Try as much as possible to save up 40% of your monthly income especially if you are still single and have fewer responsibilities. Saving for rainy days cannot be overemphasized.
20% of your six months income should be able to take you on a holiday trip. If not, it simply means the trip is a way too much above your budget and you are balling above your budget. Find a cheaper option. Trust me, you can have an amazing holiday on a budget.
Apps like Piggy vest are there to help you cater to your personal savings and investment.
Finally, one which most of us ignore. Always negotiate for your pension and health insurance in all your places of employment. Your pension may seem minuscule right now but it compounds and would eventually help to reduce the financial burden when you are old and frail.
Are there useful tools or apps that can support women in dealing with their finances?
Yes, there are. Apps like Expensify, Fudget even Google sheet can help you with planning and managing your finance
What is one thing that you want more women to be aware of when it comes to managing money?
With the fact that there are tons of wrong advice out there ranging from excuses like the need for formal training to owning a website or blog, I thought to share my experience and sales strategies on this platform!
Here’s one thing though! If you think that you can’t begin a career in freelance writing as a result of no experience; well, it’s about damn time someone told you that: IT IS POSSIBLE!
It’s been almost four years since I became a freelance writer.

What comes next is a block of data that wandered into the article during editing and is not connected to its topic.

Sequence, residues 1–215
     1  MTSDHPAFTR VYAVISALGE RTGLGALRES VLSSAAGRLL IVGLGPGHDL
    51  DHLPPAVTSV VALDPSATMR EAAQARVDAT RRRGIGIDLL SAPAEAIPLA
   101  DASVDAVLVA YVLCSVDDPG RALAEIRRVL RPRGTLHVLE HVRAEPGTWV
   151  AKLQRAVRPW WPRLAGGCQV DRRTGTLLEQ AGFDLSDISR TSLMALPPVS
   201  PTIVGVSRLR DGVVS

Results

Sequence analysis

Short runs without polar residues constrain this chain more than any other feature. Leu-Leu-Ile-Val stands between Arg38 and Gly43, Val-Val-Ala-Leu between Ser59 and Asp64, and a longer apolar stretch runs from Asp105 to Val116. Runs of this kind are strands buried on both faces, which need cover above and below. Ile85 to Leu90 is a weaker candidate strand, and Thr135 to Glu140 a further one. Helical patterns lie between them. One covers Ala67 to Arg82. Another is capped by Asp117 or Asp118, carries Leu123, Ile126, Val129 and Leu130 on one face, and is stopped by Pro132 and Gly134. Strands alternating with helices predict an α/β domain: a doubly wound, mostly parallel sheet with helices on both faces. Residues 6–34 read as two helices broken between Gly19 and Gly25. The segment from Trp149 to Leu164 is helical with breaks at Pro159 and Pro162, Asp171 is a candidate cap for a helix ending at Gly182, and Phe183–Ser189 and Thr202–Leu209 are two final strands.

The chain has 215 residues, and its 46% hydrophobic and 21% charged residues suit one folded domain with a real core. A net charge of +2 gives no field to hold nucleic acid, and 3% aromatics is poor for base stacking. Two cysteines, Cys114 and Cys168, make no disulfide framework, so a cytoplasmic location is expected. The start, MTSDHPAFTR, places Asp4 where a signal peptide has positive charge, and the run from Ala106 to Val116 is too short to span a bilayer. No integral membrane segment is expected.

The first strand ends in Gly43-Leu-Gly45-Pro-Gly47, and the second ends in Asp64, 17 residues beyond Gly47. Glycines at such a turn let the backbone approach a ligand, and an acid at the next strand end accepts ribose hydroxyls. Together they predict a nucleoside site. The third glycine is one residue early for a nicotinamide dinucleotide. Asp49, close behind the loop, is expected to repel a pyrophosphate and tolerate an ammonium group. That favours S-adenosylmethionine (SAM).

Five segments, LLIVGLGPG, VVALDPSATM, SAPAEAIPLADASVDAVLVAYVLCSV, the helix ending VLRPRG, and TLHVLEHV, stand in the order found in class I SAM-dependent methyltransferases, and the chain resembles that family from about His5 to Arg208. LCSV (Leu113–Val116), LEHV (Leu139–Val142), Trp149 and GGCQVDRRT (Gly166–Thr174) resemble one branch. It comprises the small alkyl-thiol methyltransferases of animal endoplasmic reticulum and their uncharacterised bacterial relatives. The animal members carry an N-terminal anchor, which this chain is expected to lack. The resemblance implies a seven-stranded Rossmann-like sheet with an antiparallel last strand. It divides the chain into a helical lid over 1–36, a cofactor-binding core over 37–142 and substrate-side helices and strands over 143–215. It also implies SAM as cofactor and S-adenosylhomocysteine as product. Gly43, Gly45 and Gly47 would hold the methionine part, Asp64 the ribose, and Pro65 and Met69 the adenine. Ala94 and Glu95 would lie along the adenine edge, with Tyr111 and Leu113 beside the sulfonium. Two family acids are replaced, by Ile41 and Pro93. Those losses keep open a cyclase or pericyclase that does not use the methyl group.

When I first learned how to become a freelance writer, I made the mistake of thinking that I needed a blog or website. I also thought that the only way to get gigs was to sign up on freelancing sites such as Upwork, Fiverr, Guru, etc.
Content mills provide cheap content jobs and they usually batch orders. Their goal is to get a lot of content for cheap. After a series of unsuccessful attempts to sign up on these platforms, I gave up.
Then, I switched to scouting for gigs on Nairaland. Most of them paid peanuts. Three years down the line earning little to nothing, I realized that this wasn’t for me!
I was worth more than that! I felt like giving up!
But, I didn’t. I re-grouped and started afresh. I signed up for training, pitched for freelance writing jobs; and gradually began to land high-paying clients. The rest, they say, is history!
If you want that for yourself, here are the steps on how to become a freelance writer you need to get started.
1. Research About Freelance Writing
When I first started, I did a lot of research. I found other freelance writers, read their blogs and learning as much as I could about this business.
While I had some clues about how to write blog posts, I didn’t know the kinds of jobs for freelance writers.
2. Become Familiar With the Writing Skills and Tools Required
While I’ve mentioned that you can start a career in freelance writing with absolutely no experience, you can increase the odds of success by learning a few skills and tools.
Some skills you should definitely have for freelance writing include:
> Organizational Skills
Having a system in place for your projects is key to growing your business. You don’t want to make a mistake or forget to do something.